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Phase II Randomized Double Blind Trial of Methylprednisolone and N-acetylcysteine in Hepatic Resections.

Phase 2
18 Years
70 Years
Open (Enrolling)
Ischemic Reperfusion Injury, Insufficiency; Hepatic, Postoperative, Liver Tumour

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Trial Information

Phase II Randomized Double Blind Trial of Methylprednisolone and N-acetylcysteine in Hepatic Resections.

Elective liver resection is performed mainly for benign and malignant liver tumors. The
malignant tumors may arise primarily within the liver (hepatocellular carcinoma and
cholangiocarcinoma) or represent metastases from malignancies of other organs. During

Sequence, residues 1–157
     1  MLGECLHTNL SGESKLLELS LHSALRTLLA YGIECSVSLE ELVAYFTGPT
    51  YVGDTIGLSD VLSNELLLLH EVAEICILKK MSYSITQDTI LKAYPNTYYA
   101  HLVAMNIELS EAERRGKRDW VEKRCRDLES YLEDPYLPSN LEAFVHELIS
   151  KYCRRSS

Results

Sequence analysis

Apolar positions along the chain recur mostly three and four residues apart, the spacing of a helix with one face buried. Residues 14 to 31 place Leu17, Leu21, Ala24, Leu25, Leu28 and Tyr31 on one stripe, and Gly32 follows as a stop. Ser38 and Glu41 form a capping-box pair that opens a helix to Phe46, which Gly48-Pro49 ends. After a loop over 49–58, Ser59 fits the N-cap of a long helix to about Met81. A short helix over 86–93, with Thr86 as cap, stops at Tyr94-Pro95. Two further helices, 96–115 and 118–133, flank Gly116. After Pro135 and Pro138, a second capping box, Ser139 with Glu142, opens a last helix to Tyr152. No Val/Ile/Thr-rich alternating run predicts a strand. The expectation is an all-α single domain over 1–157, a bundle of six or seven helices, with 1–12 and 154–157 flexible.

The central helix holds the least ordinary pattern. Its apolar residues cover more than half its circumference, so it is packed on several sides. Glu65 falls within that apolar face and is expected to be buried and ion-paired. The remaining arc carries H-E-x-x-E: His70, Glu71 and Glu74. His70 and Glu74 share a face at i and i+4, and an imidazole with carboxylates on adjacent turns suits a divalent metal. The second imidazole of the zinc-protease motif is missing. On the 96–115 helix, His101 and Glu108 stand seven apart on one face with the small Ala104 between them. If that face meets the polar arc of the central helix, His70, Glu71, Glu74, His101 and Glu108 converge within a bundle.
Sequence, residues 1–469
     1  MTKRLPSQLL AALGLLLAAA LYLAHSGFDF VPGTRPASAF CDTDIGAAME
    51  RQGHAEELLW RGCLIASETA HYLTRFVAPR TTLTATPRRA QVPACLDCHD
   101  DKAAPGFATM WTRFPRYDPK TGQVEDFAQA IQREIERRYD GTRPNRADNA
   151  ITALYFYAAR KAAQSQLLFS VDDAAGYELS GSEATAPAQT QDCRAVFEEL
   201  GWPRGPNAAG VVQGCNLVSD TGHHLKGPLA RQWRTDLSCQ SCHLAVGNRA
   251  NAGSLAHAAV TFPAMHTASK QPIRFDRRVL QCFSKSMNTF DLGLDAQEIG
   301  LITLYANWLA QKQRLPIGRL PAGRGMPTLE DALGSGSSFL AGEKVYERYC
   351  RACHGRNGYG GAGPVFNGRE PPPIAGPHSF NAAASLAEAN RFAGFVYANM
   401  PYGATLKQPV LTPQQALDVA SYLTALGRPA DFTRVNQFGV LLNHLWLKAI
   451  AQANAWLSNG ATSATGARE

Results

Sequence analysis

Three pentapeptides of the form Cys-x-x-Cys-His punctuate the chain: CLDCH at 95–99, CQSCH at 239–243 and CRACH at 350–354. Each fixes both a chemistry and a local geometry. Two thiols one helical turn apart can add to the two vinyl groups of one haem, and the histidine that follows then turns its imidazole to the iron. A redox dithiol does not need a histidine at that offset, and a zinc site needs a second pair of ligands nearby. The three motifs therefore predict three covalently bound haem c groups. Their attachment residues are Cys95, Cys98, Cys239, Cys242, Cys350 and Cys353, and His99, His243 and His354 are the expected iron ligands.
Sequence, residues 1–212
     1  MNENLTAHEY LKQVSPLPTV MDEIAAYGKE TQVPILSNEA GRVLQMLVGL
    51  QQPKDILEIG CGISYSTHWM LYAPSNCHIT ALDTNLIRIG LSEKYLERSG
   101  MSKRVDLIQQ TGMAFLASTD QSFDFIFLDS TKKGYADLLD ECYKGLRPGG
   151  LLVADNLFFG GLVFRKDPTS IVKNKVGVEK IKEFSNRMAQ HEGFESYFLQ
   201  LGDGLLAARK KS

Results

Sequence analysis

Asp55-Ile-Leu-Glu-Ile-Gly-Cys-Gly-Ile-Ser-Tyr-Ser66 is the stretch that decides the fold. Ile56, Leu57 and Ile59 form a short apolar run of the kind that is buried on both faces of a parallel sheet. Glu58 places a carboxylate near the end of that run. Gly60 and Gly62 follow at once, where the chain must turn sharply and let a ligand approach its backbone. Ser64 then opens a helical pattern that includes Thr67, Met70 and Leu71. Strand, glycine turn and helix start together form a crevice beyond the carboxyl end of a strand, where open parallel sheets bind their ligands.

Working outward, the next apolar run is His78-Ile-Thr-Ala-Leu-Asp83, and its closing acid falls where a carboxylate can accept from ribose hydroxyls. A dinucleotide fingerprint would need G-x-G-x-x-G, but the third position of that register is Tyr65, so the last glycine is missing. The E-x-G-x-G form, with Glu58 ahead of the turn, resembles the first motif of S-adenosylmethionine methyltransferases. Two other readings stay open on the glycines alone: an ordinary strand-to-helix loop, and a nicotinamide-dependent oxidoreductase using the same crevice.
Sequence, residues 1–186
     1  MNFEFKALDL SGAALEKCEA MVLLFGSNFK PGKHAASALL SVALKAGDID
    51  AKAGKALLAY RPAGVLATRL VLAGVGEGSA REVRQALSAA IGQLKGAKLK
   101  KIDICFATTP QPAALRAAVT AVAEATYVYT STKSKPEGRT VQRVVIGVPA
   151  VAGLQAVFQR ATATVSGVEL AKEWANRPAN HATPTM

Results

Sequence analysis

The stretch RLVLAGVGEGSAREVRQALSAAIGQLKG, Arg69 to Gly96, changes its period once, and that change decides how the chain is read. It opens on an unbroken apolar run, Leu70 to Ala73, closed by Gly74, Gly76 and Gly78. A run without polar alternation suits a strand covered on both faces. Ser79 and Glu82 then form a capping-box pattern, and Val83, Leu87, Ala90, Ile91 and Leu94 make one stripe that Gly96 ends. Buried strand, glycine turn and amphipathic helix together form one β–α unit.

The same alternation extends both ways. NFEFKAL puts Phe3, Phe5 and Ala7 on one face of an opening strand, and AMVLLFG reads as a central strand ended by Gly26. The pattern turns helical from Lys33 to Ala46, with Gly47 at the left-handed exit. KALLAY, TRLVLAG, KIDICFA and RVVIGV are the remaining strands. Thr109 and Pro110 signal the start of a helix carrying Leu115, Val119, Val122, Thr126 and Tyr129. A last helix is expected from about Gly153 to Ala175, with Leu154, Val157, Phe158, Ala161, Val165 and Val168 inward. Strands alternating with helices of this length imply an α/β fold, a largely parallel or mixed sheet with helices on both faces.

hepatic resection, the risk of severe intraoperative bleeding represents a major risk. To
avoid massive blood loss, continuous or intermittent vascular clamping of the hepatic artery
and portal vein ('Pringle maneuver') is an efficient method to reduce hemorrhage. However,
as a consequence, ischemia and subsequent reperfusion result in complex metabolic,
immunological, and microvascular changes, which together might contribute to hepatocellular
damage and dysfunction. This phenomenon, known as ischemia-reperfusion (IR) injury of the
liver, is a complex multi-path process leading to the activation of inflammatory pathways,
in which cellular injury results from events occurring during both the ischemic and
reperfusion phases. The key mechanism of tissue injury is the intense and excessive
inflammatory response to reperfusion. Although initially considered a condition mediated by